200 Artists, 16 Murals, 5 Days

by Beth Weimer
Above: Committee Chair Tara Bedei traveled to other Walldog Festivals, including the Beaver Dam, Wisconsin, festival in July 2017, to meet the mural artists and learn how to prepare Streator.

Hundreds of artists and volunteers are gearing up to transform Streator at the Streator Walldogs Mural Festival: Murals and Milestones. From June 27th through July 1st, the Walldogs—a renowned group of sign and mural artists from all over the world—will descend upon the city to paint public murals throughout its downtown.

Painted advertisements on the sides of buildings were common from the 1890s through the early 1960s, the visible remnants of which are known today as “ghost signs.” The term walldogs came about because the sign painters were often tethered to the building as they worked. Since 1993, modern-day Walldogs have come together once a year to help revitalize small towns by creating vintage-inspired murals of local significance.

Councilwoman Tara Bedei, who chairs the Streator Walldogs Committee, reached out to the organization in 2014 and was told the next available date was four years away. They were happy to wait, as 2018 happens to be Streator’s sesquicentennial anniversary. “Then we learned it would be the Walldogs’ 25th anniversary and Illinois' Bicentennial—perfect timing for all three events,” she adds.

Bringing the group to town was truly a community effort, involving local government, artists, businesses, churches and nonprofit organizations. Several fundraisers were organized to help finance the festival, and scores of volunteers will welcome the visiting artists into their homes and provide assistance throughout the event.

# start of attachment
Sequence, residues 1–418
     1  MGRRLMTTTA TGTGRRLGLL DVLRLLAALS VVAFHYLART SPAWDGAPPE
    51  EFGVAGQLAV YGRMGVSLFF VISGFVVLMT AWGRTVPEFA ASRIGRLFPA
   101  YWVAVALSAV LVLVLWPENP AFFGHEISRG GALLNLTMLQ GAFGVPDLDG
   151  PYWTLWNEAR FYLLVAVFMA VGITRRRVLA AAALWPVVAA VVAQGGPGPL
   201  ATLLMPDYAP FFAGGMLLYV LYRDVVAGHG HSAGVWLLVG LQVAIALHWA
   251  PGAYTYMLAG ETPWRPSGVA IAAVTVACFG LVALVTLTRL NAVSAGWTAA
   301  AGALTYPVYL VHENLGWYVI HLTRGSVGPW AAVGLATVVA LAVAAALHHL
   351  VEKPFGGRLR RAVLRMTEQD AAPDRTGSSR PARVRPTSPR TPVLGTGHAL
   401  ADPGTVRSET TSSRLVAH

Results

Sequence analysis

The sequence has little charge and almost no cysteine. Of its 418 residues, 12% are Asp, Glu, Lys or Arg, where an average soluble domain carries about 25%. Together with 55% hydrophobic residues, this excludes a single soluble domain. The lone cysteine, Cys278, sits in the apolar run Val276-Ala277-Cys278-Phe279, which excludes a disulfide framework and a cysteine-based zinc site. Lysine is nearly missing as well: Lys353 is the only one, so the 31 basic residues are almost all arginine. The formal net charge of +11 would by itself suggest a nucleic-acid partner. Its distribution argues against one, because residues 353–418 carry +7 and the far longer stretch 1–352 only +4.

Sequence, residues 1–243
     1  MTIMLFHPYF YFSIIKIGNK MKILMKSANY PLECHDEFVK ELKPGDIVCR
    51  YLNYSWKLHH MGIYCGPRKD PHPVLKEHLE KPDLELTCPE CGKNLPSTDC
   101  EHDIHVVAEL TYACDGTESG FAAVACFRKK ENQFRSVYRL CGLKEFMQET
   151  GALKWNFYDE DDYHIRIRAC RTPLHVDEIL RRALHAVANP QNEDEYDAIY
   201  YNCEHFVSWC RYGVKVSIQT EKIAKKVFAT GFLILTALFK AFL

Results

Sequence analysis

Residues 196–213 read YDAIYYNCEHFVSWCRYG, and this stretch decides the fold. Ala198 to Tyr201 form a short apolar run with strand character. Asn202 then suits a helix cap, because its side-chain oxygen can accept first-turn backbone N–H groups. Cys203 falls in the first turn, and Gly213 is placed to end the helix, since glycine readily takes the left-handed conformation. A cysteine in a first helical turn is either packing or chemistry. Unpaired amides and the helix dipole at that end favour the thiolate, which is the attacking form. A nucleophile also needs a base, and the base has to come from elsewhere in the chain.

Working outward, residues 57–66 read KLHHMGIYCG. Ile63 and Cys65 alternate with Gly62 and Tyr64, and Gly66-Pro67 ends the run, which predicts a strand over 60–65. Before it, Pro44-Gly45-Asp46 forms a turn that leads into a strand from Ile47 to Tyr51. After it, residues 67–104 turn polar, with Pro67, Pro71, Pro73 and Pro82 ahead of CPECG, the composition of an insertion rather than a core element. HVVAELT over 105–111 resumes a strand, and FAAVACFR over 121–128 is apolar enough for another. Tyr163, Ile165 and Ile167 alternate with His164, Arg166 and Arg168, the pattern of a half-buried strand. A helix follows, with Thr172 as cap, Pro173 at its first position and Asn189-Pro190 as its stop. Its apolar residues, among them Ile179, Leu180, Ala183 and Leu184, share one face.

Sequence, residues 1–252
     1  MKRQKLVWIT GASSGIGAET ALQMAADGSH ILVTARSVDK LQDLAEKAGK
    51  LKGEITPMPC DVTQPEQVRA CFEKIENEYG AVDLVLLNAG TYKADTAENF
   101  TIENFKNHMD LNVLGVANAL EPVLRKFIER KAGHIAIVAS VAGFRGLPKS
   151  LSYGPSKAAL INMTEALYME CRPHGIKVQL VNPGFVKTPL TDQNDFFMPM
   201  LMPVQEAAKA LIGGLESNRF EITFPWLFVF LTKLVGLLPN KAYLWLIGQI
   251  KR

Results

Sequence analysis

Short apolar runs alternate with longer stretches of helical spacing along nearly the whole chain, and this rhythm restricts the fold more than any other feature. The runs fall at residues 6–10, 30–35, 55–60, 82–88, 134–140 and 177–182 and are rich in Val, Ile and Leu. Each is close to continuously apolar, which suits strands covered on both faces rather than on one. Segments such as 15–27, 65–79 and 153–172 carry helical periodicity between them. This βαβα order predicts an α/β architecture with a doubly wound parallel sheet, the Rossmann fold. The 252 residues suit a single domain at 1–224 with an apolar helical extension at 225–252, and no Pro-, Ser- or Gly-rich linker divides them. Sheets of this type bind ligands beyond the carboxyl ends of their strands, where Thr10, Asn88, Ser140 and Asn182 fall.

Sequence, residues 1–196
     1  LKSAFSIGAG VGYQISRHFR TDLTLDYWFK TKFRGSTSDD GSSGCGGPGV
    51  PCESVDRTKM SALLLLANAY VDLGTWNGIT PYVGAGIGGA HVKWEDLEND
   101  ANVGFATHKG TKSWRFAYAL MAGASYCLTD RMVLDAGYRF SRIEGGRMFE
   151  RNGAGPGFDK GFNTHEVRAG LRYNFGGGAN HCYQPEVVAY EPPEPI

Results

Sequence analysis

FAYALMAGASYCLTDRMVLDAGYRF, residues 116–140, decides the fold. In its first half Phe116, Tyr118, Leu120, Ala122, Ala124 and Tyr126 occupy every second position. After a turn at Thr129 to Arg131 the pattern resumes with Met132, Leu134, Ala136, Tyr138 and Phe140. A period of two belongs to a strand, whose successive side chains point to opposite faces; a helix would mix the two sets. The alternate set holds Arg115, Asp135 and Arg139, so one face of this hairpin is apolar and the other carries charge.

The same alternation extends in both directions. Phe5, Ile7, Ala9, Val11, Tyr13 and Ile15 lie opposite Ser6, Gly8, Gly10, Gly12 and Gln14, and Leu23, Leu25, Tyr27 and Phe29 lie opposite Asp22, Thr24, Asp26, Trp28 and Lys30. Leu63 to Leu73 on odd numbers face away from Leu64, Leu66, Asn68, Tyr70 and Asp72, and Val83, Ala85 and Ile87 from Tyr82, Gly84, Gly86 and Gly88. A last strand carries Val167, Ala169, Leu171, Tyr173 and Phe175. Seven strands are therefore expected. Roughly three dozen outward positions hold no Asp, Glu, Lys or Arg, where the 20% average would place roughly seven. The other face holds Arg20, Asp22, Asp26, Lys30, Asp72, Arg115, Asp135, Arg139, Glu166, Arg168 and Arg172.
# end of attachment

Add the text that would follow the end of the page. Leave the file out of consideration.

Artists put finishing touches on murals in Butler, Pennsylvania, in July 2016.

The public voted on the subjects of the murals—some will be painted directly on the buildings and others on panels to be installed later. They will pay homage to a range of local legends, including astronomer Clyde Tombaugh (discoverer of Pluto), vaudeville entertainer George "Honey Boy” Evans and Baskin-Robbins co-founder Burt Baskin—as well as historic elements ranging from the Roamer automobile and Vin Fiz transcontinental flight to the WWII Canteen Monument, the railroads, the Civil War and more. There will even be a farm-themed mural that kids can help paint in the city park.

Bedei is excited to see years of planning finally come to fruition. “It’s amazing to watch a wall turn from plain brick to a piece of art in just a few days,” she says. “It’s almost a surreal feeling for me… knowing that this will be happening in my hometown.”

The festivities begin on Wednesday evening with live music in the park—and as it gets dark, the artists will begin projecting their mural designs onto their walls. Pay a visit to Streator to watch the Walldogs in action, and check out streatorwalldogs.com or thewalldogs.com for more information. a&s

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